Compounding the abuse so often involved in the making of pornography is a lack of regulation of the industry in all its forms. The shelves of corner stores and petrol stations are stacked with pornography promoting sex with “live young girls,” rape and incest, while pornography distributors continually flout Australia’s classification laws.

Nevertheless, attempts to bring internet content into line with existing classification laws and the treatment of illegal material in Australia have met with virulent objection by vested interests.

Requiring Internet Service Providers (ISPs) to filter out a blacklist of URLs containing extreme and violent pornography has been proposed by the current (Labor) Government. This material can be legally viewed in no other medium. As Clive Hamilton has argued:

“We live in a democracy where citizens ask their governments to impose restrictions on certain types of content that are regarded as harmful to individuals or to the community more broadly. We have a censorship system governing films, television and magazines, defined by law, enforced by government bodies and with widespread community support. There is nothing special about the Internet that puts it beyond community standards.”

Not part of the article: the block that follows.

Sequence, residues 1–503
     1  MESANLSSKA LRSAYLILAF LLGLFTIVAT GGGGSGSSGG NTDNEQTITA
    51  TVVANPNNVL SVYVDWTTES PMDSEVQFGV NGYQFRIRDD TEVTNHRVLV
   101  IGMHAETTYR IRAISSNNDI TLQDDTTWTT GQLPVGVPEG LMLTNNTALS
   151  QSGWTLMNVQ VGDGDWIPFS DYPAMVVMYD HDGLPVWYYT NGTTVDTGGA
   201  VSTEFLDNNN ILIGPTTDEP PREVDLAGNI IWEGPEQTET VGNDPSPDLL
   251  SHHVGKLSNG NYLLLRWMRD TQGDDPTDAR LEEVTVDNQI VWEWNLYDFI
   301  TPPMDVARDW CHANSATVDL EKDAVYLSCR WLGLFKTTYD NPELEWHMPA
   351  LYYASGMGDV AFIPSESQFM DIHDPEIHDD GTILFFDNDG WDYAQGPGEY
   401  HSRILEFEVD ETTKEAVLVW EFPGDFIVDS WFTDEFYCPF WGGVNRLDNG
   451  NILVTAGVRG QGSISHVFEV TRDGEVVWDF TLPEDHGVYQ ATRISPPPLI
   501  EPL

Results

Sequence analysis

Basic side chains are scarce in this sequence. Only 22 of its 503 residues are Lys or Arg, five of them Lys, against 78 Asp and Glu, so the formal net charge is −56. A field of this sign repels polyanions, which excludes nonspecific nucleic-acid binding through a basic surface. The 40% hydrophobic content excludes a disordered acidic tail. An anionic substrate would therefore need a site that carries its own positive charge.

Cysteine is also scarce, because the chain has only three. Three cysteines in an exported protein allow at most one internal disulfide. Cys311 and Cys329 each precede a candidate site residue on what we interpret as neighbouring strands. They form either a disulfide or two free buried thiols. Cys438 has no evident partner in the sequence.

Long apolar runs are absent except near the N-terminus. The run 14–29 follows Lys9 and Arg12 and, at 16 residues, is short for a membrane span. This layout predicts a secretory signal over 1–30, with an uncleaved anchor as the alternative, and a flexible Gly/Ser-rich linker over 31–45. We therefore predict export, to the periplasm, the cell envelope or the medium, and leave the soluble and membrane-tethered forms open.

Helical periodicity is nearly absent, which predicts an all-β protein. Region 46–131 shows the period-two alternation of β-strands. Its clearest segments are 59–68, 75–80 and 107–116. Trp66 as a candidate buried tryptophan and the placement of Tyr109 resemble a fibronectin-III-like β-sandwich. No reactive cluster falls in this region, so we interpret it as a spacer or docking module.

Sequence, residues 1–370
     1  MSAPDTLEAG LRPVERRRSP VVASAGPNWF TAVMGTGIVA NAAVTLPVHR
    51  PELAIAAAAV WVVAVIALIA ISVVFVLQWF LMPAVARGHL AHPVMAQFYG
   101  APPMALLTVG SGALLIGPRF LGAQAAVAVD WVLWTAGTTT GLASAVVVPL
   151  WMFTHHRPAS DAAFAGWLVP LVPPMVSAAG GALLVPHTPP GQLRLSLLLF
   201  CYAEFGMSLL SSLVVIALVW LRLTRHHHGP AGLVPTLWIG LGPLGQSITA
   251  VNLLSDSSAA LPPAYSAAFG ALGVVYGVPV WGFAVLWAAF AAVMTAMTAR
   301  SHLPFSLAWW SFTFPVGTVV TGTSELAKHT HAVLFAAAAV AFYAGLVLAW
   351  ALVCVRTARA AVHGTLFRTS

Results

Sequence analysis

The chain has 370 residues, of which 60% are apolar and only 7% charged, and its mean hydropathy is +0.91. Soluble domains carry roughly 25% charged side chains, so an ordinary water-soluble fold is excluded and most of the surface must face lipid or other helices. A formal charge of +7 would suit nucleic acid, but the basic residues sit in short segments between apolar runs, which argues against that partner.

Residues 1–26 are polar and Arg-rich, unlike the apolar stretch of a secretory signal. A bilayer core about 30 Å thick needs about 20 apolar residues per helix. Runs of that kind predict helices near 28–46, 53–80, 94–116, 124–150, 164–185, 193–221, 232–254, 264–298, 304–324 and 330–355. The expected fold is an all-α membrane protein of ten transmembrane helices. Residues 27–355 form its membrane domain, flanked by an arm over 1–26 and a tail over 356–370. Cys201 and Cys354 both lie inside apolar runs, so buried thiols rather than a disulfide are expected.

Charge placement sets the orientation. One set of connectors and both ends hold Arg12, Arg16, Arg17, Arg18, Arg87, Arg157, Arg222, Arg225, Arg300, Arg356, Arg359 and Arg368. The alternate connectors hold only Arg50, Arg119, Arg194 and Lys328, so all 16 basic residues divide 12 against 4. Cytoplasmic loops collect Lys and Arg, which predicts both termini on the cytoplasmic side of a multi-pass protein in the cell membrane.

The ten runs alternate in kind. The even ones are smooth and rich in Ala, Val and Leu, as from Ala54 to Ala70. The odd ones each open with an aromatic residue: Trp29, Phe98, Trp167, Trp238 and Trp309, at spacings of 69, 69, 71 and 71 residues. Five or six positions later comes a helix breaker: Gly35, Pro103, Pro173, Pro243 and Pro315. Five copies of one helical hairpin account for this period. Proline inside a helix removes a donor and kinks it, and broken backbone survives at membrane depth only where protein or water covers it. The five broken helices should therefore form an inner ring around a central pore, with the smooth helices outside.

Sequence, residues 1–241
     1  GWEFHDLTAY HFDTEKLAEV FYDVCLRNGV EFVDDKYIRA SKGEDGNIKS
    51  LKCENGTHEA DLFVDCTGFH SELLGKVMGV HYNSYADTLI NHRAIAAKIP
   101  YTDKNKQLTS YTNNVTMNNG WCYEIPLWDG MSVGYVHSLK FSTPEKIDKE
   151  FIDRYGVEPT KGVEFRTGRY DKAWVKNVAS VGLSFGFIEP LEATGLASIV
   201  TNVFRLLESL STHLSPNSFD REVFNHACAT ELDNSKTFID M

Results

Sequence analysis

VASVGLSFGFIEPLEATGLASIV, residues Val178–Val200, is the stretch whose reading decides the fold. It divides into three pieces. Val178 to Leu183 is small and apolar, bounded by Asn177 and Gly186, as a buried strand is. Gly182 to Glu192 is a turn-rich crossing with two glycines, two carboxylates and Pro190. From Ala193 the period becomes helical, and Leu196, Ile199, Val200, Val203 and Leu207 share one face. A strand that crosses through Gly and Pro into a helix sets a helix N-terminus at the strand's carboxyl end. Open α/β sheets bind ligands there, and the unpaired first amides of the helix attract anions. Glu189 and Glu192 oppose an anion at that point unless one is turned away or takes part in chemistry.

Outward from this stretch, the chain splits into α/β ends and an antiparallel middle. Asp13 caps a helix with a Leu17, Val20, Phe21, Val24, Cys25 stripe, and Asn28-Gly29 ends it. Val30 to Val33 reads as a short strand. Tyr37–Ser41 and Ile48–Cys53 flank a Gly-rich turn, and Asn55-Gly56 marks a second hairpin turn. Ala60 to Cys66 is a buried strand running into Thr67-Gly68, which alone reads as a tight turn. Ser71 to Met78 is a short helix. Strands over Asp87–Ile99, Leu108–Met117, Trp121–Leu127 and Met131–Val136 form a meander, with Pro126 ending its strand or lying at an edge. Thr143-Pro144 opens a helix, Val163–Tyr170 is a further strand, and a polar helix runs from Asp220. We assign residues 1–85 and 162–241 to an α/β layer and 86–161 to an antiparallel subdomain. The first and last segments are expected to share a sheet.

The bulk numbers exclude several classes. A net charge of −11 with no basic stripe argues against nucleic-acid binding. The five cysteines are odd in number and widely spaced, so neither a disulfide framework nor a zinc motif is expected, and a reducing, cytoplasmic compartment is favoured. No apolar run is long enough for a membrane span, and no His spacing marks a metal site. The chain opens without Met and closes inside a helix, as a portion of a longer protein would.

But those who demand a right to view “legal and illegal” pornography protested against the filtering proposal. In February, 2010, Australia’s Parliament House and Federal Government websites were shut down in a cyber-attack and inboxes of members of parliament were flooded with pornography.

This sense of entitlement to “our pornography” entails defending the “right” of the pornography industry to market child rape, violation of women and girls, and female slavery to anonymous consumers, all in the name of freedom of speech.

If we consider this ethically acceptable, whose rights are we defending? The Swedish scholar Max Waltman has analysed the shielding of these kinds of abuses behind the screen of “free speech.” He details numerous cases where law makers, judges, and other arbiters dismiss claims against even some of the most violent pornography, or where those in breach of various laws in various countries are only given “penalties,” such as community service.